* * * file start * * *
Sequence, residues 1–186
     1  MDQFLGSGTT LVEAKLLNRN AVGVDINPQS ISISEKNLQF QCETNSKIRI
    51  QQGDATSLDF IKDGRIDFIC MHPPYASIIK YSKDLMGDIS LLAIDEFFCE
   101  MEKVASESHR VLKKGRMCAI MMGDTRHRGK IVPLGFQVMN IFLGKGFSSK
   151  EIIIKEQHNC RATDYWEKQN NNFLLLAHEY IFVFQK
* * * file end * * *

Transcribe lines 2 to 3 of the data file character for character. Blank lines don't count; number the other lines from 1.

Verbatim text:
     1  MDQFLGSGTT LVEAKLLNRN AVGVDINPQS ISISEKNLQF QCETNSKIRI
    51  QQGDATSLDF IKDGRIDFIC MHPPYASIIK YSKDLMGDIS LLAIDEFFCE